Wednesday, April 25, 2007


The internet is a great resource for people like me - that is, people who like a Do-It-Yourself solution.

We've had a laser printer on loan for a while now, that we haven't returned because of a printer jam problem. It's an NEC brand desktop laser printer, which I have since learned, is notorious for getting parts. Googling for "printer repairs" was useless, all I got was phone numbers for printer repair shops who either don't answer the phone, or don't fix this brand. I can't remember what I fixed in the search phrase, but happened upon this gem: and a quick search and perusal got me to exactly the right solution.

It was mind-numbingly simple too - I just had to take out two components, flip up a flap and then pull the little black rollers back into place.

Other things I've fixed thanks to the internet:

Clothes dryer (needed a new pulley thing)
Busted copper pipes (I know how to solder now)
Vacuum cleaner (new belt needed)
Car (not really, but I was able to diagnose that it needed a new distributor -- this is one task for the pros!)

Anyhow, it's a bit geeky, but I love fixing problems -- the whole search, synthesizing, applying, testing and adjusting of information is really fun to me. Appliance repair is rewarding, but solving visual problems is even better. Like I mentioned in my previous post, sometimes with art, nothing comes out right some days. But when you break through the problem (whether it be a eureka moment, or through careful analysis) it is the best feeling. And usually the best solution is the most elegant and simple.

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Tuesday, April 24, 2007

the process

Just watched an interesting documentary title, "The Queen, by Rolf". From what I can gather from his website, Rolf Harris is an painter and recording artist based in the UK. The show was part of the CBC Passionate Eye series and the title caught my eye. It showed the process of painting a portrait of the Queen over several weeks with two actual sittings with the queen herself. Rolf has an interesting technique of placing the canvas almost right beside the subject and starts the painting with what looked to me like dubious swirls of colour.

What emerged was a really great portrait of Queen Elizabeth - she's smiling, relaxed, and important details like her brooch and pearl necklace are captured well. The process was fascinating to watch and I saw some parallels with my own work - like bantering with the subject to put her at ease, not getting too caught up in the details of the image and taking time to step back and see the total effect, and the inevitable artistically-blah days - when nothing you put down seems to work out right.

On a completely different note, I made the best tacos ever tonight. Recipe from America's Test Kitchen website (you have to register to access recipes - if you do the free version you get to see most recipes, but get shut out of a lot of other content). The secret weapons of this taco recipe includes sauteeing onions, garlic and spices BEFORE adding the meat, and also adding chicken broth, tomato sauce, vinegar and sugar at the end to round out the taste. Also frying up corn tortillas is the BEST for taco shells. We will NEVER go back to taco-kit tacos again. Ever. It is worth the effort.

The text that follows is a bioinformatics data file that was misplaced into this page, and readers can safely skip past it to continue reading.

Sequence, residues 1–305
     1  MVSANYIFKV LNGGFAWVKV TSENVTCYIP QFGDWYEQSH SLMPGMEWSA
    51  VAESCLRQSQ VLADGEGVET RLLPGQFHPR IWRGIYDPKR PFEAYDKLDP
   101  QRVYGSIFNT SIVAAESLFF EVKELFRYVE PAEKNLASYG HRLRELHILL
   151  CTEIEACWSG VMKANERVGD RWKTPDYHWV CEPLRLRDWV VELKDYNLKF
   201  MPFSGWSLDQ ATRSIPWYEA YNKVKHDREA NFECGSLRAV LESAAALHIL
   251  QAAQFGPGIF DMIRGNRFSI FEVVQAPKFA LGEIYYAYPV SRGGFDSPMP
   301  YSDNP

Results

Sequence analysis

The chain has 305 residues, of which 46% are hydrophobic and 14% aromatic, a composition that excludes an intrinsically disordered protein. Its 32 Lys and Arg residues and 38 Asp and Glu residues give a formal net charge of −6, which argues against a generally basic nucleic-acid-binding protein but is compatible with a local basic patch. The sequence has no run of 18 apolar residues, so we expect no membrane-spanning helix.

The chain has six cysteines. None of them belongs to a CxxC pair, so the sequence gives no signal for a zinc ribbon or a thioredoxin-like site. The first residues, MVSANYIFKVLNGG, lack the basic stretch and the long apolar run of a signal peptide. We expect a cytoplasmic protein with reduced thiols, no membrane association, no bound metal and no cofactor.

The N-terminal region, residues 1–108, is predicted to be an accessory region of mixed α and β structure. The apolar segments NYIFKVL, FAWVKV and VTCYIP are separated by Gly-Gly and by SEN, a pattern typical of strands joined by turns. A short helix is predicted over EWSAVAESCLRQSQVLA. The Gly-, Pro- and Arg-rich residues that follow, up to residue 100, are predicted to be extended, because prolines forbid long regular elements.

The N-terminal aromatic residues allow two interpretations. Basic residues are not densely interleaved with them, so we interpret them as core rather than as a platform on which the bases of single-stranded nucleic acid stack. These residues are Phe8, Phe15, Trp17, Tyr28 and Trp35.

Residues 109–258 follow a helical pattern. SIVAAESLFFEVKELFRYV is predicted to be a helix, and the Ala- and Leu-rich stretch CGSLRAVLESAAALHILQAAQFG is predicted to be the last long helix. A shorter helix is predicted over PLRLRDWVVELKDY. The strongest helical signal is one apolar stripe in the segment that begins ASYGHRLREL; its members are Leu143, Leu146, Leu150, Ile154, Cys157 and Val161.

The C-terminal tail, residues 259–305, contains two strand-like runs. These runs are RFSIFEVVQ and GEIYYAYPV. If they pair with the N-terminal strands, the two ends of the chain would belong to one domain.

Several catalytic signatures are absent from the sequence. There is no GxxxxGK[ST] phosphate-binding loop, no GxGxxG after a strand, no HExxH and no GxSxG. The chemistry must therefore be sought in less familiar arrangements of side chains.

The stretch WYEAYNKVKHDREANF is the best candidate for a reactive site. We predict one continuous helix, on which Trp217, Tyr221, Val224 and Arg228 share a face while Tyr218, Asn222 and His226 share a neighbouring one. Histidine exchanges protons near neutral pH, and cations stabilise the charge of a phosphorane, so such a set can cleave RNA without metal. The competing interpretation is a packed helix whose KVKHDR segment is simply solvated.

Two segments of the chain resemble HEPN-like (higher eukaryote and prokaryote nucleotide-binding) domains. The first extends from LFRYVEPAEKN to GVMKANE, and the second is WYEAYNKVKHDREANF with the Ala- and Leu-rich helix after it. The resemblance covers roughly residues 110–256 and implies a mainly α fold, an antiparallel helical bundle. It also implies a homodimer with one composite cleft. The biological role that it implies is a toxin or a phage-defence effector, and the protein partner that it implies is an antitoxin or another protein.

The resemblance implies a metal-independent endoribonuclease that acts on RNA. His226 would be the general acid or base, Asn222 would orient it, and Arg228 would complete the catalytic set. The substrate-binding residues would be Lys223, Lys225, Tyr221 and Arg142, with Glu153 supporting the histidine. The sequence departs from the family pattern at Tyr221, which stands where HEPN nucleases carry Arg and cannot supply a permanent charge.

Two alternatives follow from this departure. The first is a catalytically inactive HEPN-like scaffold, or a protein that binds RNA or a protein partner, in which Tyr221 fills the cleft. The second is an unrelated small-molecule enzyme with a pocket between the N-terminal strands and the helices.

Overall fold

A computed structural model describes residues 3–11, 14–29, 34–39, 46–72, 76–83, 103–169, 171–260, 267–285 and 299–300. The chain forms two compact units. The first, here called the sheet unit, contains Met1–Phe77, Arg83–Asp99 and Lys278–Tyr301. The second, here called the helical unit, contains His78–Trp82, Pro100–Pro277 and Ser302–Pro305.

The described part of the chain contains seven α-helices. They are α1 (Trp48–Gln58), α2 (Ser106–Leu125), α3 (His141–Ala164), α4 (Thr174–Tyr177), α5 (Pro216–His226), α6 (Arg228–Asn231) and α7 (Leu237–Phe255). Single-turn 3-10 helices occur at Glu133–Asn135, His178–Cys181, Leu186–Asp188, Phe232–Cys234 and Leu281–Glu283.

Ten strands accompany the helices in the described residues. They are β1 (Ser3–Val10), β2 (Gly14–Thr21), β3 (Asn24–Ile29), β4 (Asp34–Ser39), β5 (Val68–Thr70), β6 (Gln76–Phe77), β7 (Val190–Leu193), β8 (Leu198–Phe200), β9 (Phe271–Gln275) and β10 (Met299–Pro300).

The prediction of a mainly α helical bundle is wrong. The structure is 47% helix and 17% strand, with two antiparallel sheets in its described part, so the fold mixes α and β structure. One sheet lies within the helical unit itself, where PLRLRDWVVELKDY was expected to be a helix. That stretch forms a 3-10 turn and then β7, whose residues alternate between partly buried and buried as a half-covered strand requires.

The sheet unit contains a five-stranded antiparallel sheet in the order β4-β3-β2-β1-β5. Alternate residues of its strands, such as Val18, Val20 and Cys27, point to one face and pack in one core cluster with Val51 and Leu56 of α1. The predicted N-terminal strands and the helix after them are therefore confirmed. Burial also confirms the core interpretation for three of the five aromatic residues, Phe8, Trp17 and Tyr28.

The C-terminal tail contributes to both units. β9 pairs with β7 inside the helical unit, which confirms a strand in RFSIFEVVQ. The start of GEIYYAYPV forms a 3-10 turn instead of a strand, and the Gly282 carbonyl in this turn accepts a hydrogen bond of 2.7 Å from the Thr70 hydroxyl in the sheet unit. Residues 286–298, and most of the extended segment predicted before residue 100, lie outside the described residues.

Tuesday, April 10, 2007


Pretty car makes for pretty pictures! I studied some car brochures and websites - unfortunately I don't have a giant soundstage or super cool vacant warehouse at my disposal on a day's notice, but I think I did alright with the No Frill's parking lot :) Thanks Chris for letting me practice car photography on your car.

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Sunday, April 08, 2007

Improving your professional image

Does your professional image need a renovation?

Just about everyone has an online presence and if you are a professional, the need for a good website, blog or online profile is even more important.

Good images set you apart from the masses. If you are a facebook user, then you see more than your share of out-of-focus, far-away, out-of-date or self-portraits (i call them big-arm photos) photos that pass for profile pics.

So here are some recent headshots. Three very different people but they all end up looking polished and appropriate. First person is Maureen McGowan (, a Toronto based writer who is a finallist in the prestigious Golden Heart writing competition. Thank you to Danielle for referring Maureen to me. I think this shot works because it's warm, and sincere - just like her in real life! We tried out a couple of different tops before deciding that the black v-neck worked best. This was photographed in the writer's home, in front of her favourite bookcase.

Second example is actor Michael Holtz. The final shot was selected by his agent (even though we both preferred a shot with a more serious expression). Usually we think that only actors and models need headshots, but this is not the case!

Last and most recent example is Monika Dutt. I recently re-connected with my elementary school classmate through facebook and found out that not only is Monika now a family physician with an MBA and Masters in Public Health, she is also the St. Paul's (Toronto) Green Party candidate for the federal election! That last one was a very recent development, and she was suddenly faced with the fact that a vacation snapshot from last year does not a headshot make. I'm pretty pleased with the result - she looks confident and pulled together - exactly how you would expect someone with her impressive CV to look.